then

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English[edit]

Pronunciation[edit]

Etymology[edit]

From Middle English then(ne), than(ne), from Old English þonne, þanne, þænne (then, at that time), from Proto-Germanic *þan-, *þana- (at that (time), then), from Proto-Indo-European *to- (demonstrative pronoun). Cognate with Dutch dan (then), German dann (then), Icelandic þá (then). Related to than.

Adverb[edit]

then (not comparable)

  1. (temporal location) At that time.
    He was happy then.
    • Bible, Genesis xii. 6
      And the Canaanite was then in the land.
    • 1898, Winston Churchill, chapter 1, The Celebrity:
      In the old days, to my commonplace and unobserving mind, he gave no evidences of genius whatsoever. He never read me any of his manuscripts, […], and therefore my lack of detection of his promise may in some degree be pardoned. But he had then none of the oddities and mannerisms which I hold to be inseparable from genius, and which struck my attention in after days when I came in contact with the Celebrity.
  2. (temporal location) Soon afterward.
    He fixed it, then left.
    Turn left, then right, then right again, then keep going until you reach the service station.
    • Bible, Matthew v. 24
      First be reconciled to thy brother, and then come and offer thy gift.
    • 1913, Joseph C. Lincoln, chapter 1, Mr. Pratt's Patients:
      Then there came a reg'lar terror of a sou'wester same as you don't get one summer in a thousand, and blowed the shanty flat and ripped about half of the weir poles out of the sand. We spent consider'ble money getting 'em reset, and then a swordfish got into the pound and tore the nets all to slathers, right in the middle of the squiteague season.
  3. (sequence) Next in order; in addition.
    There are three green ones, then a blue one.
    • 1898, Winston Churchill, chapter 5, The Celebrity:
      Then came a maid with hand-bag and shawls, and after her a tall young lady. She stood for a moment holding her skirt above the grimy steps, with something of the stately pose which Richter has given his Queen Louise on the stairway, and the light of the reflector fell full upon her.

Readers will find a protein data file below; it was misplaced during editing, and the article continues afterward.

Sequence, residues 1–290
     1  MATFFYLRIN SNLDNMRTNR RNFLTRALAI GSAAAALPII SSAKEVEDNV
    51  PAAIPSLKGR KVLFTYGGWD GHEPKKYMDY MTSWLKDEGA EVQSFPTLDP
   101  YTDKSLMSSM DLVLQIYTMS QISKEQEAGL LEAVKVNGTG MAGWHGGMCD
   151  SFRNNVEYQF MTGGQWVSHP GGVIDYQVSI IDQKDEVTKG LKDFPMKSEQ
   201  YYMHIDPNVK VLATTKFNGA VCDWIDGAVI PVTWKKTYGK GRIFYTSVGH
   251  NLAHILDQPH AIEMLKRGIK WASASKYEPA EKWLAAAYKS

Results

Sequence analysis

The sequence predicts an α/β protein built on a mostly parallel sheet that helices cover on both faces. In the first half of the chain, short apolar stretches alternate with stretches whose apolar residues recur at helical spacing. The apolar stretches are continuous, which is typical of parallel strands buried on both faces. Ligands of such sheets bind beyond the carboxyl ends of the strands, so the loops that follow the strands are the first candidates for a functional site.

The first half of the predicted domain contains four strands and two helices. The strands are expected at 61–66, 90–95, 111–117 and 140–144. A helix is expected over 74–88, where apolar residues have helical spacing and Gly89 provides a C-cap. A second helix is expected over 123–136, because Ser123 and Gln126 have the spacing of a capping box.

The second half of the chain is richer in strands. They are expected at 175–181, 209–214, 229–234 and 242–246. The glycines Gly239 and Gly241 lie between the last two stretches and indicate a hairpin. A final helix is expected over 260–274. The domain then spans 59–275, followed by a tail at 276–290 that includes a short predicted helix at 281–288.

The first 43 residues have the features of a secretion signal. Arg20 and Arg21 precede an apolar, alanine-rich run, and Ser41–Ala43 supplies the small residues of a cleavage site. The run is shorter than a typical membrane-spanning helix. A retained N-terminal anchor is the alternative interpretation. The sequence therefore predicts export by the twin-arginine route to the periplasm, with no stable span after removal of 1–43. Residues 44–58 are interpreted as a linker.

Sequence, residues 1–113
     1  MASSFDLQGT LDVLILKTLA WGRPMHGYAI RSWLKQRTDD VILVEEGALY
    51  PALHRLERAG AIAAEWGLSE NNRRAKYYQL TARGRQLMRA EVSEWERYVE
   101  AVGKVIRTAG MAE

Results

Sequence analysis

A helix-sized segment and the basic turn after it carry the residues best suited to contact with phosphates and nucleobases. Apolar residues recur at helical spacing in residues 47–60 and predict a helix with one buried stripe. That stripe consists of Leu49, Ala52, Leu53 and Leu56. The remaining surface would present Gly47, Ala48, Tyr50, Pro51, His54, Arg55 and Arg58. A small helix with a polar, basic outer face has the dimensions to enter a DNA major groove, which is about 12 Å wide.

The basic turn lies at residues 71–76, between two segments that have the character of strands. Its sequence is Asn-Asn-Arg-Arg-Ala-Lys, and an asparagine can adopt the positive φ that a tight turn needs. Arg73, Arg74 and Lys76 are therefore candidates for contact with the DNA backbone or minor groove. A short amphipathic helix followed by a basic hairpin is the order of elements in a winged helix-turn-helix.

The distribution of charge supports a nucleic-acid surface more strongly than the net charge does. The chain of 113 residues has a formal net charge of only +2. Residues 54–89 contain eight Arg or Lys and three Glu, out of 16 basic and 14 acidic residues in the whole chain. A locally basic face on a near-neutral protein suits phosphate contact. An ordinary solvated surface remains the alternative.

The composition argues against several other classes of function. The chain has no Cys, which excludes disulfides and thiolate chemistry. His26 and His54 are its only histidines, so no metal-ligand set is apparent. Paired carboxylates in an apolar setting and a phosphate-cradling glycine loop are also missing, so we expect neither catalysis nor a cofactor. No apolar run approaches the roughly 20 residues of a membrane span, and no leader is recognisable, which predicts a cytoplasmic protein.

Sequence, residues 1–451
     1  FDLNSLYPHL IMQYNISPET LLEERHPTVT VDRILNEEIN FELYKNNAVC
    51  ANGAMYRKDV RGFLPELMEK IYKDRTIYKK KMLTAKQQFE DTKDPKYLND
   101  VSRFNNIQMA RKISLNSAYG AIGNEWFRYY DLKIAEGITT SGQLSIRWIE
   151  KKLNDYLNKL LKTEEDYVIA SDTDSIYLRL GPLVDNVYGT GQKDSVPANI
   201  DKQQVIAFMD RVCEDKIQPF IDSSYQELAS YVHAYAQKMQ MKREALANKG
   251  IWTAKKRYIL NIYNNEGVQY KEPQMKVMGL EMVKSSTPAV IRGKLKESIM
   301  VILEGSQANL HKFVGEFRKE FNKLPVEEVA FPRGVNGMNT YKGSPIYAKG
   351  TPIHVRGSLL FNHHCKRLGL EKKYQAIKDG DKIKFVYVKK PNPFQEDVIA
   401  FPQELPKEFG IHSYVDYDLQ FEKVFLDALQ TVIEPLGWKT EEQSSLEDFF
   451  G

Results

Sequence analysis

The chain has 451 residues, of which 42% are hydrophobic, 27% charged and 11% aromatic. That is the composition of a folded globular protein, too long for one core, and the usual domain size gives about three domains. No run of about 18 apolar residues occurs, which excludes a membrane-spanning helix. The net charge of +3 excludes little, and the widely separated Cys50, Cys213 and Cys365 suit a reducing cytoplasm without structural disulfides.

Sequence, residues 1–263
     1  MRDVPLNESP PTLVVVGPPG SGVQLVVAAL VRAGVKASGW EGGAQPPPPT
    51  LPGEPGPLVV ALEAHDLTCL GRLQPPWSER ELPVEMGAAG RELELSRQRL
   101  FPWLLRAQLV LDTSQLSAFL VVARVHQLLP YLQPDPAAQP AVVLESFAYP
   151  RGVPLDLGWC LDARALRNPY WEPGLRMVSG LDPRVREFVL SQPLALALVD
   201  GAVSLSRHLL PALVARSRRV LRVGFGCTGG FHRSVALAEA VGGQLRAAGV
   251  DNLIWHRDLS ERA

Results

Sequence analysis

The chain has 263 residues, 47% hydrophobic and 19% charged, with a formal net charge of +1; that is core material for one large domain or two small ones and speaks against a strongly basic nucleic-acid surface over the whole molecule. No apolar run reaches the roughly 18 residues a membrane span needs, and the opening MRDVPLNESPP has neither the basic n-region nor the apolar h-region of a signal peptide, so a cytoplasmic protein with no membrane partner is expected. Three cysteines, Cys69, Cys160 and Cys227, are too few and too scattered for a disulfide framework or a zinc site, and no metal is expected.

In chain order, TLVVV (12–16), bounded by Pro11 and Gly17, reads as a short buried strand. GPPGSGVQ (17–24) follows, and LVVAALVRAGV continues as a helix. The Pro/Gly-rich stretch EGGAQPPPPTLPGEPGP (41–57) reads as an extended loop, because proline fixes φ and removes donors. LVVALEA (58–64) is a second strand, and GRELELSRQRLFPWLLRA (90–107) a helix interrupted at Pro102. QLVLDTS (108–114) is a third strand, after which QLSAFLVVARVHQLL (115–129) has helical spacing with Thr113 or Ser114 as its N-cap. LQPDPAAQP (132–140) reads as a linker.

• 2013 July 19, Peter Wilby, “Finland spreads word on schools”, The Guardian Weekly, volume 189, number 6, page 30: 
      Imagine a country where children do nothing but play until they start compulsory schooling at age seven. Then, without exception, they attend comprehensives until the age of 16. Charging school fees is illegal, and so is sorting pupils into ability groups by streaming or setting.
  4. (conjunctive) In that case.
    If it’s locked, then we’ll need the key.
    Is it 12 o'clock already? Then it's time for me to leave.
    You don't like potatoes? What do you want me to cook, then?
  5. (sequence) At the same time; on the other hand.
    That’s a nice shirt, but then, so is the other one.
  6. (obsolete) At the time that; when.
    • 1485, Sir Thomas Malory, Le Morte d'Arthur, Book I.23, reprinted 1817, Sir Thomas Malory, William Caxton, Morte d'Arthur: The Byrth, Lyf, and Actes of Kyng Arthur, Volume 1, page 37:
      Than the knyght sawe hym lye soo on the ground, he alyght and was passynge heuy, for he wende he had slayne hym [...].
  7. (UK, dialect, affirmation) Used to contradict an assertion.
    • 2001, Eric Malpass, At the Height of the Moon, page 28,
      ‘She says Indian elephants are tidgy little things.’ ¶ ‘They′re not then.’ Emma was getting heated. ‘They′re –’ ¶ ‘Emma!’ said Jenny sharply. The child subsided.

Synonyms[edit]

Translations[edit]

The translations below need to be checked and inserted above into the appropriate translation tables, removing any numbers. Numbers do not necessarily match those in definitions. See instructions at Help:How to check translations.

Adjective[edit]

then (not comparable)

  1. being so at that time

Translations[edit]

See also[edit]

Noun[edit]

then

  1. That time
    It will be finished before then.

Translations[edit]

The translations below need to be checked and inserted above into the appropriate translation tables, removing any numbers. Numbers do not necessarily match those in definitions. See instructions at Help:How to check translations.

Conjunction[edit]

then

  1. Obsolete spelling of than.

Statistics[edit]

Anagrams[edit]

References[edit]